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Forum topic by BrentKistner posted 06-16-2015 10:03 PM 1030 views 0 times favorited 13 replies Add to Favorites Watch
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BrentKistner

34 posts in 1400 days


06-16-2015 10:03 PM

Topic tags/keywords: old tools timber frame mortise drill rebuild boring drill question opinion

Okay, so this is a pretty cool piece of history here. Unsure of the maker or era, but I’m thinking early 1900s?

The question is this: what do I do with it? I mean, I know what it is, and that it works. Lol. But do I do a full restoration, a partial, as in rebuild the cracked base and weak old seat etc in something like oak or maybe even walnut, and try to find pins to replace the nails holding the gears in place? It has a chip on the back of one of the gears, but otherwise is still fairly solid. What say you, kind ladies and gentlemen? How far would you take this rebuild?

-- "Out of the darkness back into the darkness- affairs of the cat."


13 replies so far

View alittleoff's profile

alittleoff

296 posts in 742 days


#1 posted 06-16-2015 10:24 PM

I would leave it as is. I sure your not going to be using it to much. I’d rather display is as it is. But that’s just me.
Gerald

View dhazelton's profile

dhazelton

2326 posts in 1763 days


#2 posted 06-16-2015 10:58 PM

What he said. If the wood is dried out maybe some oil. Unless you plan on becoming a re-enactor at an old timey village and it NEEDS to be used I wouldn’t touch it. If you want to make repairs try to make them as invisible as possible.

View Tim's profile

Tim

3119 posts in 1427 days


#3 posted 06-16-2015 11:44 PM

Agree, it actually looks pretty good. I can’t see the crack in the base, but you could try to repair rather than replace that. Maybe also find replacement pins, that would improve the look I’d think. And it’s more likely it’s 1800s as these were used to start mortises for timber frame barns. Cool find. If you have need of a large mortice for a bench or something, pull it out and put it to work.

I have one, but mine is in worse shape and needs more in the way of repairs.

View boxcarmarty's profile

boxcarmarty

13522 posts in 1826 days


#4 posted 06-17-2015 12:47 AM

Excellent question, I have one sitting in my shop as well and an extra head for one. Yours looks a bit better then mine and I too was considering a restoration…..

-- My mind is like lighting, one brilliant flash, then its gone.....

View Woodendeavor's profile

Woodendeavor

276 posts in 2073 days


#5 posted 06-17-2015 01:07 AM

my father used one of these when he was a kid helping his uncle restore barns. If you keep the bit sharp with a file it cuts very well

View esmthin's profile

esmthin

77 posts in 647 days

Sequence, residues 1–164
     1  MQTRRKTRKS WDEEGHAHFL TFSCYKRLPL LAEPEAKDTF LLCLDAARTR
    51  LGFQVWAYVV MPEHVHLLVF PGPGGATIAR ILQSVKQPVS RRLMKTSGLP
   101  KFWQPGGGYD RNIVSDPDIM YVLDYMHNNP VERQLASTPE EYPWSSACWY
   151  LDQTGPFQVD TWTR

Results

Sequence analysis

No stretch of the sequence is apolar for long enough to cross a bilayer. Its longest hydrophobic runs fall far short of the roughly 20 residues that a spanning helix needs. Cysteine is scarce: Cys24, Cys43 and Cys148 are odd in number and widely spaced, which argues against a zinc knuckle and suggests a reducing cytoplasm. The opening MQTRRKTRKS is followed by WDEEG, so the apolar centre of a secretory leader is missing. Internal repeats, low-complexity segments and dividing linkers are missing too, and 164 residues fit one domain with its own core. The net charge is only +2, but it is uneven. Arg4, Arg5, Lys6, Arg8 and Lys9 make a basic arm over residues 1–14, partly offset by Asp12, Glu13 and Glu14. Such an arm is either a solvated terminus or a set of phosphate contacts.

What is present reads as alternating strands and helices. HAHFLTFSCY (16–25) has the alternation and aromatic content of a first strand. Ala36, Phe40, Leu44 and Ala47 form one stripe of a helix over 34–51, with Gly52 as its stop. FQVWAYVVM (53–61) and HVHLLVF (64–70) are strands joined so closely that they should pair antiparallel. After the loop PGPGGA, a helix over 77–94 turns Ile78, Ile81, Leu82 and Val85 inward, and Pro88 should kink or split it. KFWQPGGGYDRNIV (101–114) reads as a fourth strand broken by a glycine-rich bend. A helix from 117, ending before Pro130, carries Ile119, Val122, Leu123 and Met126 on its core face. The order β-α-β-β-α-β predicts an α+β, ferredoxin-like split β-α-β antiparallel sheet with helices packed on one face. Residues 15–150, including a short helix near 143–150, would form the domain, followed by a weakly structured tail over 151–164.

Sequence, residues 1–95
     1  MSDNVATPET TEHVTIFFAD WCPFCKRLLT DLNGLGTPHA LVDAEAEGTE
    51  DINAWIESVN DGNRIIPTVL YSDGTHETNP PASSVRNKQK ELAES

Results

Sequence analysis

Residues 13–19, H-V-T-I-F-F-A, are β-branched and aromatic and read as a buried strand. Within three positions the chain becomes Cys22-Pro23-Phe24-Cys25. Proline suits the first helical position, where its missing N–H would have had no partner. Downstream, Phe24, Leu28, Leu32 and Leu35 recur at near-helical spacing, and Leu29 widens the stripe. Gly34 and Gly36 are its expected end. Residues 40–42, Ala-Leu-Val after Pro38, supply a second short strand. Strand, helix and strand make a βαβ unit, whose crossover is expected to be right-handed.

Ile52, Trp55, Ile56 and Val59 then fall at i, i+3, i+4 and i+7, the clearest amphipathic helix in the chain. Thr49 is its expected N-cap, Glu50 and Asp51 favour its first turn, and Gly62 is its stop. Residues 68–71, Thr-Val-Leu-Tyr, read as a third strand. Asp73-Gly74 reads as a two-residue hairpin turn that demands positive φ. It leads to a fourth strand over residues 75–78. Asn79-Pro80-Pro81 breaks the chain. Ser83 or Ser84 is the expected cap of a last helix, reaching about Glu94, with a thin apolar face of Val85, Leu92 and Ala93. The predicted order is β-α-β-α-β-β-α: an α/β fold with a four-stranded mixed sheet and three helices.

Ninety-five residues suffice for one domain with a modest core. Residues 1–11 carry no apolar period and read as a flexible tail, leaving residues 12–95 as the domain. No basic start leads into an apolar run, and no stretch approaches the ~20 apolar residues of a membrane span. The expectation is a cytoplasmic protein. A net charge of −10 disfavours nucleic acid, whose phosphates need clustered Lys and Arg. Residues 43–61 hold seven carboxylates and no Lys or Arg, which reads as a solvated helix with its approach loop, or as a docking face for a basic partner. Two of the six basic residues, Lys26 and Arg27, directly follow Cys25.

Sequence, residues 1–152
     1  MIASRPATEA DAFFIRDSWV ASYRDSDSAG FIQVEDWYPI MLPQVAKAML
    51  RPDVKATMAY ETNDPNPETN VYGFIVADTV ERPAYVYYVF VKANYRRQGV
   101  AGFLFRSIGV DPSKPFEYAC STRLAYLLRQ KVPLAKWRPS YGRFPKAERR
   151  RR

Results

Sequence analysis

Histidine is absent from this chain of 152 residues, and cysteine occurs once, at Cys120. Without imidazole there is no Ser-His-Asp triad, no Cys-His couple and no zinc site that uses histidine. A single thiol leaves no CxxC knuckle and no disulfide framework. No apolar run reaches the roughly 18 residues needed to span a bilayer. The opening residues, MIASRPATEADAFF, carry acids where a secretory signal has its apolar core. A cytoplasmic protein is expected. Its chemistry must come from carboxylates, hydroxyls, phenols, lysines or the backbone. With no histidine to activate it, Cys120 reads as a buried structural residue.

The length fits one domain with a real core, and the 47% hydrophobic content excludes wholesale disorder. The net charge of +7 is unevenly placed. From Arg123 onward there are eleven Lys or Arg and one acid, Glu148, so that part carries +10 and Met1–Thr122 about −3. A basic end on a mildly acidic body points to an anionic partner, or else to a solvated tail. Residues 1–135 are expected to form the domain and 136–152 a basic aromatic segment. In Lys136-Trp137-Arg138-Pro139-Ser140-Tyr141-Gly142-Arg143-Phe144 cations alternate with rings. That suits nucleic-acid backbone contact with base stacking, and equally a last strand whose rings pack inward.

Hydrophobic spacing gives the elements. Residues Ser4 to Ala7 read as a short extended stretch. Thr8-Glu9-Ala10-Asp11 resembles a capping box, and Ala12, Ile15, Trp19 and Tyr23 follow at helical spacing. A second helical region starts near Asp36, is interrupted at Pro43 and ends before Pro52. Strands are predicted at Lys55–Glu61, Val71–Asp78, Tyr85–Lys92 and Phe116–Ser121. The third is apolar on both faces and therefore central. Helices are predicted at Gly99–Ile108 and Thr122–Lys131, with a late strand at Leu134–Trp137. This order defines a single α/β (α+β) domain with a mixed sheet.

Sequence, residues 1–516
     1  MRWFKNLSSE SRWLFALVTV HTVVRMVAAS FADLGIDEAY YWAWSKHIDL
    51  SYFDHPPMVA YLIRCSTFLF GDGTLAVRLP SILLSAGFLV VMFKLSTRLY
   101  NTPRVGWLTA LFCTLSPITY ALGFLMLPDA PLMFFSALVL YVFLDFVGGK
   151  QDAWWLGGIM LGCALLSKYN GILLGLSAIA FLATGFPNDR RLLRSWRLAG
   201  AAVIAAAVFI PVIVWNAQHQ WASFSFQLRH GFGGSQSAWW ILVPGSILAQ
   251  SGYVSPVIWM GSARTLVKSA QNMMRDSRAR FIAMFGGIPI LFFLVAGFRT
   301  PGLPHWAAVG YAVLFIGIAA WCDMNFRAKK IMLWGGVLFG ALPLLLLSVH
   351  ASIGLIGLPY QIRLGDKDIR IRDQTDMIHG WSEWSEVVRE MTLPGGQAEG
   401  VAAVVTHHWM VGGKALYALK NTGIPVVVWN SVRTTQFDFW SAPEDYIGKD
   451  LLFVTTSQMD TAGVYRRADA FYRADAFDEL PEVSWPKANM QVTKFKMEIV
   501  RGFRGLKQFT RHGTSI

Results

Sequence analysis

#6 posted 06-17-2015 04:23 AM

I agree that it looks ok. It doesn’t look like it has any problems with it. If I were you I would grease the gears and put a few coats of BLO on it, the wood is probably very thirsty. Here is a video of keep-up and use of a drill like this. Dreams Do Come True
Dreams Do Come True 2

-- Ethan, https://instagram.com/ethan_woodworker/

View BrentKistner's profile

BrentKistner

34 posts in 1400 days


#7 posted 06-17-2015 04:54 AM

I will get a few more pictures of it. In the bottom most photo, it shows the gear with the missing chunk of cast. The left side (as you would use it) of what I would call the “mast” is split open by an 1/8th” or so by about 2 1/2” in length and the glue holding the base together is long gone. It is held together by the through bolts and a few washers as it is. I took the vast majority of the rust and tree gore off from the thing over a day or so of wire brush fun. I would love to find some keys to replace the nails at a bare minimum, and can make them if I have to. Either way, the base rebuild is tempting, but not really necessary.

Keep the input coming. It’s always nice to have the advice of seasoned wood workers and fellow tool geeks. :)

-- "Out of the darkness back into the darkness- affairs of the cat."

View upchuck's profile

upchuck

540 posts in 1131 days


#8 posted 06-17-2015 11:13 AM

BrentKistner-
On this man’s channel there are many videos/tutorials about the restoration of this sort of tool.

https://www.youtube.com/watch?v=iuG3g4iXep8

View PatrickH's profile

PatrickH

51 posts in 1353 days


#9 posted 06-17-2015 12:53 PM

Very cool. How did you come across this?

-- http://bloodsweatsawdust.com

View helluvawreck's profile

helluvawreck

23189 posts in 2333 days


#10 posted 06-17-2015 04:35 PM

I have one of those in my basement. Mine is not in too bad of shape but yours is better than mine.

helluvawreck aka Charles
http://woodworkingexpo.wordpress.com

-- If a man does not keep pace with his companions, perhaps it is because he hears a different drummer. Let him step to the music which he hears, however measured or far away. Henry David Thoreau

View BrentKistner's profile

BrentKistner

34 posts in 1400 days


#11 posted 06-18-2015 02:04 AM

Patrick, Craigslist, as odd as that is. Digging around for materials and stumbled on to the listing under the antiques section. I really dig old woodworking tools and have been bitten by the “rescue old planes and such” bug. There is just such a vast and very cool history to those types of things.

-- "Out of the darkness back into the darkness- affairs of the cat."

View BurlyBob's profile

BurlyBob

3695 posts in 1731 days


#12 posted 06-18-2015 02:30 AM

I agree with everyone else, keep it on display and cherish it!!

View PatrickH's profile

PatrickH

51 posts in 1353 days


#13 posted 06-18-2015 07:25 PM

Brent, very cool…lucky dog.

-- http://bloodsweatsawdust.com

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